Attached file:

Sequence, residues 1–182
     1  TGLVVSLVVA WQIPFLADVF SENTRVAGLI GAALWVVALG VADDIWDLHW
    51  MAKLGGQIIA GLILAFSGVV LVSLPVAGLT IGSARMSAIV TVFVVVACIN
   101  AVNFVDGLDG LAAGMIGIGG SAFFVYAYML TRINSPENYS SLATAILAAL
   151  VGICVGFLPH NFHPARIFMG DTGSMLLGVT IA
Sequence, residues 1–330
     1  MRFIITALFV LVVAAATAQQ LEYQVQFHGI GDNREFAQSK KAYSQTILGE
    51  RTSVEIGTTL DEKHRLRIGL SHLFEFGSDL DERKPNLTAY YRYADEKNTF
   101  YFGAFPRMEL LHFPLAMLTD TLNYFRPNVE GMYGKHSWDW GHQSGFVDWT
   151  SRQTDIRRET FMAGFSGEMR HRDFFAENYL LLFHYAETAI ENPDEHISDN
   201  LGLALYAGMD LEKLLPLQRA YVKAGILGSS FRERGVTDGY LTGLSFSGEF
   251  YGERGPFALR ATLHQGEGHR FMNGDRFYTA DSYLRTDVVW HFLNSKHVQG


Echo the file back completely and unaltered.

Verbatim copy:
Sequence, residues 1–182
     1  TGLVVSLVVA WQIPFLADVF SENTRVAGLI GAALWVVALG VADDIWDLHW
    51  MAKLGGQIIA GLILAFSGVV LVSLPVAGLT IGSARMSAIV TVFVVVACIN
   101  AVNFVDGLDG LAAGMIGIGG SAFFVYAYML TRINSPENYS SLATAILAAL
   151  VGICVGFLPH NFHPARIFMG DTGSMLLGVT IA
Sequence, residues 1–330
     1  MRFIITALFV LVVAAATAQQ LEYQVQFHGI GDNREFAQSK KAYSQTILGE
    51  RTSVEIGTTL DEKHRLRIGL SHLFEFGSDL DERKPNLTAY YRYADEKNTF
   101  YFGAFPRMEL LHFPLAMLTD TLNYFRPNVE GMYGKHSWDW GHQSGFVDWT
   151  SRQTDIRRET FMAGFSGEMR HRDFFAENYL LLFHYAETAI ENPDEHISDN
   201  LGLALYAGMD LEKLLPLQRA YVKAGILGSS FRERGVTDGY LTGLSFSGEF
   251  YGERGPFALR ATLHQGEGHR FMNGDRFYTA DSYLRTDVVW HFLNSKHVQG